6. In so far as statements of Kalabai and Rambhau (party No. 1) before the police are concerned, these statements appear to have been merely produced without examining the police officer who had recorded those statements and putting them to party No. 1 by calling them as witnesses in the witness-box. The learned advocate for party No. 2, however, contends here that under Section 145(4), Criminal Procedure Code it is not necessary to observe any rule of evidence for the purpose of bringing on record the statements and documents. According to him, without observing any rules of evidence under the Indian Evidence Act, such statement as police statements which were recorded before, could be admitted in evidence. According to him, this evidence also should be considered by the trial Court. It is, however, difficult for me to agree with the learned advocate for party No. 2. There is nothing in Section 145(4) to show that the Magistrate ought to peruse the statements, documents and affidavits without observing any rules of evidence. The learned advocate invites my attention to the old Section 145(4) of the Criminal Procedure Code and says that the new Section 145(4) which was substituted by Act No. 26 of 1955 shows that the Magistrate need not follow any rules of evidence for the purpose of perusing the statements, documents and affidavits to come to a finding regarding the possession of the subject-matter of the inquiry. I cannot accept this contention for the obvious reason that neither there was any provision in the previous Section 145(4) that rules of evidence should not be followed nor there is any provision in the substituted provision of Section 145(4) to show that the rules of evidence should not be followed. Whenever, therefore, any statements, affidavits or documents are brought on record and whenever a party wants them to be considered as evidence, the party will have to bring that evidence on record according to the rules of evidence under the Indian Evidence Act. I am reinforced in my view by the view of the Madhya Pradesh High Court in The State of M.P. v. Swami Prasad  M.P. 360. That High Court also was of the view that the amendment introduced in Section 145, Criminal Procedure Code does not abrogate the law of evidence except that after the amendment affidavits filed have to be read as evidence. According to the M. P. High Court, it would be preposterous to think that the documents tendered by a party with his written statements become entitled to be acted upon without being required to be proved in the absence of anything being said in Section 145 of the Code of Criminal Procedure suggesting this conclusion. I cannot, therefore, accept the contention of the learned advocate for party No. 2 that the documents, viz. the statements of party No. 1 recorded by the police, can be considered without his observing the rules of evidence to bring them on record. If he chooses to bring them on record, he may be allowed to do so according to the rules of evidence.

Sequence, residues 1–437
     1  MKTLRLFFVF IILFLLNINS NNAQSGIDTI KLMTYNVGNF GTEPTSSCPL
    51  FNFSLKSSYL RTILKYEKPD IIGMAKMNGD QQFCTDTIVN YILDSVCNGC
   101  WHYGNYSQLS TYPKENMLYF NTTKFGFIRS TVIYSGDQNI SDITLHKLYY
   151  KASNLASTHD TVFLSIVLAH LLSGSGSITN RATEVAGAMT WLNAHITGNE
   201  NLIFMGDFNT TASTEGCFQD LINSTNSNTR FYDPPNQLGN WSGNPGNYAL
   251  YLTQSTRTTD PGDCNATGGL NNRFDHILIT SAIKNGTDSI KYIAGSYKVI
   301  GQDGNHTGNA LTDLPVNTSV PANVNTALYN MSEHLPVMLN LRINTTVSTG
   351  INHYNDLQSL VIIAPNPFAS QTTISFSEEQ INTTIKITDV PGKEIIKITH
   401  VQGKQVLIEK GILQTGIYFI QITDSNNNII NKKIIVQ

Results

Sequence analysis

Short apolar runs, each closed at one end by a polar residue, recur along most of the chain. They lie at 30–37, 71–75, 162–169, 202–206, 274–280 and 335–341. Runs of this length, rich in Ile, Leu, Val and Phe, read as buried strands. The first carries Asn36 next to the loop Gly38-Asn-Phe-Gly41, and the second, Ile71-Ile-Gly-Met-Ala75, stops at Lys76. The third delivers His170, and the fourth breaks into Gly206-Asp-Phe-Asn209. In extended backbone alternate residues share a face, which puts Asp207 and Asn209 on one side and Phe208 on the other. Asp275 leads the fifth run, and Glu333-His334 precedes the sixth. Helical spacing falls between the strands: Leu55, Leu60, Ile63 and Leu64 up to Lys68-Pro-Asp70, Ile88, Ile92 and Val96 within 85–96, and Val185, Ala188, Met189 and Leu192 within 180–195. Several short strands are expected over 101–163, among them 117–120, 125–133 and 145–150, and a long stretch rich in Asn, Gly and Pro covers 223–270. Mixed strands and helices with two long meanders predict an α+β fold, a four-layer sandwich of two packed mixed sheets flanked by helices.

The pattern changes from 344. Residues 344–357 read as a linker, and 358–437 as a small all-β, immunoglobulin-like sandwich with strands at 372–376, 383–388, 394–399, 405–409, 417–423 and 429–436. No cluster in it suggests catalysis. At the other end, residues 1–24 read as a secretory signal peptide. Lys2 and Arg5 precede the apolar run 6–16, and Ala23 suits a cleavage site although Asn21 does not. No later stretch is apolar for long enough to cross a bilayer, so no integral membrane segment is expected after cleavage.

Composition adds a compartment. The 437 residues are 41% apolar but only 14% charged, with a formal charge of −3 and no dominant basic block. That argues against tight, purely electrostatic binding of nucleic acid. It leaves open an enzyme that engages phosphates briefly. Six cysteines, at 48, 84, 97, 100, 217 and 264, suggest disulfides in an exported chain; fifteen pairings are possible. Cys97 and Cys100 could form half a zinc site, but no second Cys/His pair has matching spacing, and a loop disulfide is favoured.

7. In the above view of the matter, therefore, the order passed by the learned Sub-Divisional Magistrate is illegal and improper. I, therefore, accept the reference of the learned Additional District Magistrate, set aside the order of the learned Sub-Divisional Magistrate and send back the record and proceedings to him for inquiry according to law and to find out the possession of the parties concerned.